Getadelt wird wer Schmerzen kennt
|(Sorry, it's Rammstein; I'm not proud)|
A couple of weeks ago, when I wrote about the power of knowledge and chronic pain, several commenters raised the difficulty of getting other people to understand. I was kind of surprised that the comments took this turn, when that wasn't what I had been writing about. I was reminded of how much this sometimes matters to us.
I suppose I am fortunate in the fact that I don't often have to explain myself. This is partly my personal circumstances, partly the fact I have a reasonable sense, acquired over the years, of the minimum amount of information any given person or authority needs to know about my health. When the dentist looked at my notes and asked what the Dreaded Lurgy was, I said simply that I had a weak immune system and am very sensitive to the side-effects of any drugs; the dentist doesn't need to know about my pain or fatigue. (I got that bit right but, having been complimented on what good teeth I had, have since come to regret the line, "All the better to eat you with.")
Another point is that, to me, it doesn't really matter if people don't know what my life is like so long as they don't interfere with it. For a long time, I worried terribly about what other people might think, whether people would doubt symptoms they could see no evidence of (oh for a decent rash!). This tended to result in me either attempting to pass, to pretend I wasn't ill, or else giving people more information than they needed or wanted about my condition.
I suppose also, a part of me wanted sympathy; a part of me wanted Aaagh!!! tattooed across my forehead. But I generally find that when people feel sorry for me, they end up detracting from the things I do value about my existence. When we told everybody about our marriage, I received one card which said something along the lines that the sender hoped that one day my health would fully recover so that [...] and I could be truly happy together. Which jarred a little. Okay, so I have this one big stinky thing in my life, but the rest of it is fine. Honest - I am more than happy to be alive - please put that syringe down now, thanks all the same.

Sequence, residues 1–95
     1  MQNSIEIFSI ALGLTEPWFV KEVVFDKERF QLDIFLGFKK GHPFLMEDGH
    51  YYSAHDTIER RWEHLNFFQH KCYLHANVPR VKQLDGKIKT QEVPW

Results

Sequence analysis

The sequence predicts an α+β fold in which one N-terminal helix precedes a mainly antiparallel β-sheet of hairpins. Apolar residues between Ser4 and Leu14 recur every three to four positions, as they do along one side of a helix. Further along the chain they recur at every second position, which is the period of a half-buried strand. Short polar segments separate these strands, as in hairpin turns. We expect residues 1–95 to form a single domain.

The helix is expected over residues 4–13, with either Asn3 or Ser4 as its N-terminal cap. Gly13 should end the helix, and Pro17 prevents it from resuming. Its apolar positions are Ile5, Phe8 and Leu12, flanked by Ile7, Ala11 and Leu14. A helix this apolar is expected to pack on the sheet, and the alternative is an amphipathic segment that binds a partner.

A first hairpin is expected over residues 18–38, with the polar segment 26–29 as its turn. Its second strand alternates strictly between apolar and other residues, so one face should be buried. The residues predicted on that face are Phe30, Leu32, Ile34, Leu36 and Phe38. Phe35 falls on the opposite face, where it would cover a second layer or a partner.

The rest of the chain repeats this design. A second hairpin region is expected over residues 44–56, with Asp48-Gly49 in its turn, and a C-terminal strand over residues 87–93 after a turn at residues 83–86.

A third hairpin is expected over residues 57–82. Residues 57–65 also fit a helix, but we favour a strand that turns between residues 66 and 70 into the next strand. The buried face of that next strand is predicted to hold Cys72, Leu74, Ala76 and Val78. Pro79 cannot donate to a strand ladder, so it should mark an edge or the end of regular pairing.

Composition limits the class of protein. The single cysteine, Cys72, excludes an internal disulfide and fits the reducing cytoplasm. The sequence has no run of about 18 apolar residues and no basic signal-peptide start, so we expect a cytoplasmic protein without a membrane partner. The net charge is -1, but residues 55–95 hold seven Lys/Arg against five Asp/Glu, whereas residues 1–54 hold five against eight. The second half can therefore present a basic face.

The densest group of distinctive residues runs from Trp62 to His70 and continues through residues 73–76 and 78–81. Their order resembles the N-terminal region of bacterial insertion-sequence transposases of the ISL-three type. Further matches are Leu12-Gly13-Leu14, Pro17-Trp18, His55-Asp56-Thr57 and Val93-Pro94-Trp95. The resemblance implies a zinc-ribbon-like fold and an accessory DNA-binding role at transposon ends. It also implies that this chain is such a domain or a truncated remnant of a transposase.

Anyway, there are a very small group of professionals who actually need to know what's going on with my medically and the effect that has on my functional capacities. Again, you learn the language to use when dealing with these people, the precise information they need, the gentle tack to take if they get the wrong end of the stick.
But nobody else who matters is going to question my account of things; getting it is an unspoken but entirely necessary condition of giving a shit about me.
Getting it isn't about knowledge or understanding, but simply respect. A friend doesn't need to know squat about my medical condition or feel sorry for me in any way. A friend doesn't need to have some psychic gauge of how I am feeling or how much pain I may be in. Getting it is simply recognising that I speak my truth; that if I say that I am experiencing X, cannot do Y, or that I need to do Z, then that is just the way it is.
After all, even if I was wrong - if I was faking, or exaggerating, or losing perspective on the situation - what could possibly be gained from an argument? People who really care about me are not going to start challenging me or applying pressure unless they have good reason to think I'm in real trouble, really not looking after myself, or putting myself in danger in some way. If they think I'm going to lie about or exploit my health situation, then they have a pretty low opinion of me to start with - or else have such tremendous difficulty dealing with illness that they've gone into denial. The latter does sometimes occur in families, of course, as family members can be terribly protective without being particularly groovy with the whole respect thing.